Sports in Costa Rica by Matt Lim
Writing about my experiences in Costa Rica is a daunting task: not because I have nothing to write about or because I spent an un-enjoyable two months there; but precisely the opposite. I have so many great memories and I can not speak highly enough of the country and its people - and the weather.
When I first arrived my host family, who greeted me like a handsome long-lost friend, seemed to be just that - a family. Never would I have expected a family, their neighbours and passers-by to accept me so readily and enthusiastically, as I struggled initially to overcome language barriers and adaptation problems. Never would a school, a newspaper company or whatever you choose to do with Projects Abroad give a teenage student with no meaningful experience a chance to gain such experiences.
I had chosen to teach English to a number of amazing and enthusiastic children, who are also some of the most adorable kids I have had the pleasure of meeting. I also taught football at the same school, which kept me constantly busy and engaged in everyday life in Costa Rica. There was also opportunity to have fun with the rest of the volunteers in the town of Liberia, as I went out with them almost every night and also went away to spots all over the country during the weekends. This amazing group of people - and they know who they are - made the trip an absolutely incredible experience and I absolutely loved meeting like-minded and fun people from all over the globe.
My gap year was intended to help me work on my language skills so that I could move smoothly into studying Spanish and German at University. However, do not worry if you cannot speak all that much Spanish - it really doesn't appear to have been a problem for some of the other volunteers and you'll be amazed how far a friendly smile and a point will get you. Of course, I've picked up so many more useful skills and qualities during my year, not least tolerance and respect and a new-found love of salsa-dancing, which has made me very popular in the clubs back in England!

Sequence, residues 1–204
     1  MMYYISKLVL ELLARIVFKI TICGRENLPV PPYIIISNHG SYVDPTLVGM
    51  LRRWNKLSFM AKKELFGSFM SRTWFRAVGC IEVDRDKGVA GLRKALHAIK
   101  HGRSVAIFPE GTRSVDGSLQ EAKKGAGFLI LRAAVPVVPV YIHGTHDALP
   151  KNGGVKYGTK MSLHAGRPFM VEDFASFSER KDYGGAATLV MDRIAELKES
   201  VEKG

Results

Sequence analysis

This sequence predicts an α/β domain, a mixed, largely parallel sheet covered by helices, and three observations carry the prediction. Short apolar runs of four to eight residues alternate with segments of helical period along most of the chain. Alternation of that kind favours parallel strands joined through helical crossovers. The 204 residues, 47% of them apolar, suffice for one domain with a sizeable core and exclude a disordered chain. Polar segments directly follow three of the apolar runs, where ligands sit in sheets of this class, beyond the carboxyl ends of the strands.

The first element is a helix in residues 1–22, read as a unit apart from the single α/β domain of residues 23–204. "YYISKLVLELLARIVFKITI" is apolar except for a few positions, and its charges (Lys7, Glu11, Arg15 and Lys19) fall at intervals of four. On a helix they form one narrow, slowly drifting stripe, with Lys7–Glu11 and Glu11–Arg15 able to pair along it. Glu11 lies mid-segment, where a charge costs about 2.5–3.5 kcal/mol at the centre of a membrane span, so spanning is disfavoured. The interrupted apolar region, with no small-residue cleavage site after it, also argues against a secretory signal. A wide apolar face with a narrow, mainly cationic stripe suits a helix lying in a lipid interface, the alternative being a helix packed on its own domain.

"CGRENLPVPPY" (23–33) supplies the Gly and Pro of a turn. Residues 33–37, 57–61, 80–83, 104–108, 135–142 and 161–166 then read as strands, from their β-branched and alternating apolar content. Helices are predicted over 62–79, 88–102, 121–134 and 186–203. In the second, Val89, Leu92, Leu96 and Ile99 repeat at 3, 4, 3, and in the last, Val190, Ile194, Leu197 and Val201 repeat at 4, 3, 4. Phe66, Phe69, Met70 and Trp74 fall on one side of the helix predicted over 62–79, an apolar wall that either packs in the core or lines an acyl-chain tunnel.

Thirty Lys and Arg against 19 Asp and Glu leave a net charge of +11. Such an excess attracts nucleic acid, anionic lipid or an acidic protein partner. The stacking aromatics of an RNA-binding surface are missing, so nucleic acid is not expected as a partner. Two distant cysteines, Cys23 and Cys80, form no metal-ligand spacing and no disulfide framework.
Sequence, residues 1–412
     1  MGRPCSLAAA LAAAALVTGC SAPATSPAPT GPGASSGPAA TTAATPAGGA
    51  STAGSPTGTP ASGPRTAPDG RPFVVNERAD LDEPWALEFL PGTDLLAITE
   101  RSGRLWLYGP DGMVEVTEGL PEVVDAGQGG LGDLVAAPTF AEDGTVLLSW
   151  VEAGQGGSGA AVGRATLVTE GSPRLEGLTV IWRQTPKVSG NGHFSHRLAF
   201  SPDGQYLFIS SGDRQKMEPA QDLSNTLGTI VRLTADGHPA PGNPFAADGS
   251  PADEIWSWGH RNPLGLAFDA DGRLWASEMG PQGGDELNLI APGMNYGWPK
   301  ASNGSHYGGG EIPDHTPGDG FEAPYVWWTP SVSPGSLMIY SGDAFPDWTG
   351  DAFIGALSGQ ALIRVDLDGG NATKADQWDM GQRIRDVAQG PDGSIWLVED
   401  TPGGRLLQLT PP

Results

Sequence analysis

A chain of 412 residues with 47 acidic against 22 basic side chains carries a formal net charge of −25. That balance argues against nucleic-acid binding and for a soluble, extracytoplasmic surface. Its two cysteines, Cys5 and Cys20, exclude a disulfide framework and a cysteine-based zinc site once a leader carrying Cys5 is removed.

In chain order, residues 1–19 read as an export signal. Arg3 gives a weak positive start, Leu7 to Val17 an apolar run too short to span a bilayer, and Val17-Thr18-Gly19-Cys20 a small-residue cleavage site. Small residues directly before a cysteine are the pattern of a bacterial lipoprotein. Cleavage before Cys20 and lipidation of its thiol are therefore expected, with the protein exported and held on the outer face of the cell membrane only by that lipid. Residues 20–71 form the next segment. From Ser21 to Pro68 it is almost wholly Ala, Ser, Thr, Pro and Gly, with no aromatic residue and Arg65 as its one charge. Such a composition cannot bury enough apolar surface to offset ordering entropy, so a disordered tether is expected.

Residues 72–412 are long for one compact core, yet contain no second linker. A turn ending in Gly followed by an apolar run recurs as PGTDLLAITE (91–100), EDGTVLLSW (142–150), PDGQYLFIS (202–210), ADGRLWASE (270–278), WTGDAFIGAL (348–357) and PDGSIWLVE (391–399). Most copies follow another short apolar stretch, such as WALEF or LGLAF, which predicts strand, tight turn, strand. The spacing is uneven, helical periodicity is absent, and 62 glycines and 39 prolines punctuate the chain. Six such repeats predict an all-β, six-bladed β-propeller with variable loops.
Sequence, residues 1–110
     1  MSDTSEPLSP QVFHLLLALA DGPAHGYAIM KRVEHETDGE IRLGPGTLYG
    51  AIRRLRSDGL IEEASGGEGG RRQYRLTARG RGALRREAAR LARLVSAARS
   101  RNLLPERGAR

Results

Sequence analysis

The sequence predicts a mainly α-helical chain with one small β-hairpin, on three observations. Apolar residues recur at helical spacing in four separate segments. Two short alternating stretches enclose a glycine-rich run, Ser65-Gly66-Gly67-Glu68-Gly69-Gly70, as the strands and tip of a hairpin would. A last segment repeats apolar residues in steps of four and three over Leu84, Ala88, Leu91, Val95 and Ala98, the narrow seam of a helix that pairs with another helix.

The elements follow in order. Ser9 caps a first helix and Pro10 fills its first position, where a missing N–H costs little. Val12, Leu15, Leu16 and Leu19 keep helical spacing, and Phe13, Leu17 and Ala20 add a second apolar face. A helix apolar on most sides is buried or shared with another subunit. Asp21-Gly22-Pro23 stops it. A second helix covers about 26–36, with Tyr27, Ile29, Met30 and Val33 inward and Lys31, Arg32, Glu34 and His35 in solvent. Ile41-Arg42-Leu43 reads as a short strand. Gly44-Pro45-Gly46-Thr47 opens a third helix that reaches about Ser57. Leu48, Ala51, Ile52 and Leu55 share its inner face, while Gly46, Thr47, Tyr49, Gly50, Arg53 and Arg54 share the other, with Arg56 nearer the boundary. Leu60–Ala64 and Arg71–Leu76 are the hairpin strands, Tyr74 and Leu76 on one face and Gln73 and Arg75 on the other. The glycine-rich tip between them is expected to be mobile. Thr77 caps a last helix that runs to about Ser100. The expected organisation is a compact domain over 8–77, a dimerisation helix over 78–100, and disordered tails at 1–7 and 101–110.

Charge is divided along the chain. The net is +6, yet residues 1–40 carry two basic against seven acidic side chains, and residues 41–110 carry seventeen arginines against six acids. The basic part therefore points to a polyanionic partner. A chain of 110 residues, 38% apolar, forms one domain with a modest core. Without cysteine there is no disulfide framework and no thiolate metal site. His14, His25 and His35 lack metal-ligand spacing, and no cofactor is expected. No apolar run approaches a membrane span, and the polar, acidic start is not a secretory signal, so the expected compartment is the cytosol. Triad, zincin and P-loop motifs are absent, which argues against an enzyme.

The country itself is absolutely stunning and offers such a wide range of landscapes and activities, it's difficult to know whether to laugh or cry with the enviable amount of beauty and vitality that the Costa Ricans have daily access to. During weekends and holidays, you have the opportunity to travel to these places, whether it is a scorching and paradisiacal beach complete with horseback-riding into that famous pacific sunset to zip-lining over the lush canopies of the rainforests of Monteverde; from bathing in the natural hot-springs of the volcano in La Fortuna to journeying over the border to the surfing hotspots in Nicaraga, which I did twice in my short stay.
There is no better way to understand the nuances and idiosyncrasies of a country's culture, language and people than actually living there, and although I said from my very first day that two months was nowhere near long enough, I am extremely grateful for the opportunity to be part of that world for any amount of time.
All this, and I haven't even mentioned the people of the country, who were unbelievably open and warm all of the time and always ready to welcome you into their household with a drink or game of football. These personal touches are what creates a true experience and is what I have tried to capture here. Without the people, I may as well have stayed in the London airport, describing a postcard.
During the school holidays, I tried to give a little back to the caring Costa Rican community and I endeavoured - along with a few close friends I hade made there - to help build a bathroom for a school, where one of my other friends had worked as a teacher. The school was incredibly poor - from a distance it might be mistaken for a shed - and so remote from anywhere that it is a wonder it has any students at all. It was so poor that it couldn't afford to hire a construction team - just one man and his son - although all the materials had already been donated over the year. During the two weeks I spent, I experienced yet another of the genuinely humbling experiences that make these months worthwhile and fulfilling, in a way that lying on beaches and even visiting active volcanoes and zip-lining through rainforests never could.
I left Costa Rica extremely sad to leave but glad and so grateful to have been allowed to experience such a vibrant community and such a perfect way of life. I think I have become far more mature and well-rounded as a person. I returned to my studies by starting at Cambridge University at the start of October, knowing that the year I had spent out was as much of an education as the study of my core texts. However, the development of my skills and knowledge is of course paramount because I know now how easy it is to make a difference - a presence in a classroom; an extra pair of hands or simply using what skills you have to help - and this only adds extra incentive to do so.